The Tranquilo Traveler has learned some incredible things about AIDS during this journey. First, a few months ago, Tay and I visited the front lines of the battle against HIV/AIDS in Kampala, Uganda. Churches turned into clinics, HIV testing under a mango tree, nuns distributing ARVs in the pews, communities coming together to support positive neighbors. Really incredible and even uplifting. Then, there was this e-connection with the creators of www.natavillage.org. For World AIDS Day, I invite you to read these entries, follow the links, and tell someone else about it. Then maybe even take some small (or big) action.
Here’s one more thing – a Peace Corps friend sent me this report from Claire Dillavou (another Peace Corps friend), the HIV/AIDS Project Director for USAID in Namibia. Read on:
Happy World AIDS Day!
Well, not necessarily happy that one particular day is assigned to bring attention to a horrible disease, but happy that attention is being paid globally nonetheless. The more people are aware of this, the easier it may be for them to reduce the risks of contracting this disease. For me, when I get back home, I know that I can visit a santa fe health clinic, or one closer to me, to get checked out if I have had sex and am worried about anything. But I do practice safe sex to reduce the risks. The same cannot be said for people in countries like Namibia. Some people are not using these services to the best of their ability. I know a few people who don’t do this and should be getting regular checkups, as it is not fair for them to be sleeping around and potentially infecting someone with any sort of STD.
We should be able to get to the point where this single day of awareness becomes a month of awareness and eventually an accepted regularly addressed health issue in both prevention and care and treatment 365 days a year. And as a catalyst to such, we must remember this is a disease affecting humanity. All of it. You and Me. Us.
This morning I went on rounds with the docs at the largest hospital in Namibia and it has the largest ART (Antiretroviral Therapy) clinic with 9,000 patients with HIV/AIDS, and upward of 5,000 on treatment. It is always great to go on rounds as I am not a doctor but I do love to see the different levels of data collection (informatics nerd) as well as the obvious love of interacting with the people most affected by this disease. The most heart-wrenching experiences for me are always the Peds clinic where these kids have no idea what a life without HIV/AIDS is like.
Today I met Sarah, a 12-year-old girl chronologically but in terms of physical development, she has the body of a 5 or 6-year-old. She was brought in by her 14-year-old cousin one day because both her parents have long since died of AIDS and she has been passed from aunt to uncle to aunt etc. Finally, her 14-year-old cousin started caring for her and brought her when she collapsed. She has been admitted for 3 weeks and has gained 6 pounds and can smile now. We have so far to go and the enormity of the numerous facets of the disease can be incredibly overwhelming, but such individual stories filled with hope and heartache are where the common bond of humanity tugs at your heartstrings to strengthen your resolve and refuel your motivation in this continual fight.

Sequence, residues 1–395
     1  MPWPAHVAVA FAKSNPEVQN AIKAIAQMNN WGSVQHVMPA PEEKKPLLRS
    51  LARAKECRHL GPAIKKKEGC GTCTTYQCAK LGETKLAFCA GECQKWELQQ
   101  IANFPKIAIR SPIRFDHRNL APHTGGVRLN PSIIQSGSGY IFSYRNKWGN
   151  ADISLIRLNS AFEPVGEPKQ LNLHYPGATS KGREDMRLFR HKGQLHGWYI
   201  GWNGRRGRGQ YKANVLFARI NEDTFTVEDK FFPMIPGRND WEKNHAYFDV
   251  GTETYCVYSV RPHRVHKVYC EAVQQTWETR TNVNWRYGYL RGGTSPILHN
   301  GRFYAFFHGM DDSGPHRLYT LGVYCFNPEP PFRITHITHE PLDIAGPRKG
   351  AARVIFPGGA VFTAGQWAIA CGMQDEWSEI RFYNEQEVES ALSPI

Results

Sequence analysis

Unbelievably touching, these moments always remind me of how grateful I am and need to continue to be. When I think of the factors involved in contributing to my HIV negative status, it is an undeniable reality that geography plays a large role in that I was born and lived in a location where HIV prevalence is much lower than my current location, drugs are widely available, and there is free and easy access to education and information around the disease. So even if you feel geographically detached from the disease, come visit me, go to your local public health clinic, go to your state health department website, or read a UNAIDS report in order to bring the reality home.
Talk about it. Wear a Ribbon. Get Tested.
Some facts to share with colleagues, friends, strangers, etc:
In the 25 years since the first case was reported:
It has killed 25 million people,
Infected 40 million more,
Become the world’s leading cause of death among both women and men aged 15 to 59, and
Inflicted the single greatest reversal in the history of human development.
In 2006, it has killed 2.9 million people alone.
In other words, it has become the greatest challenge of our generation.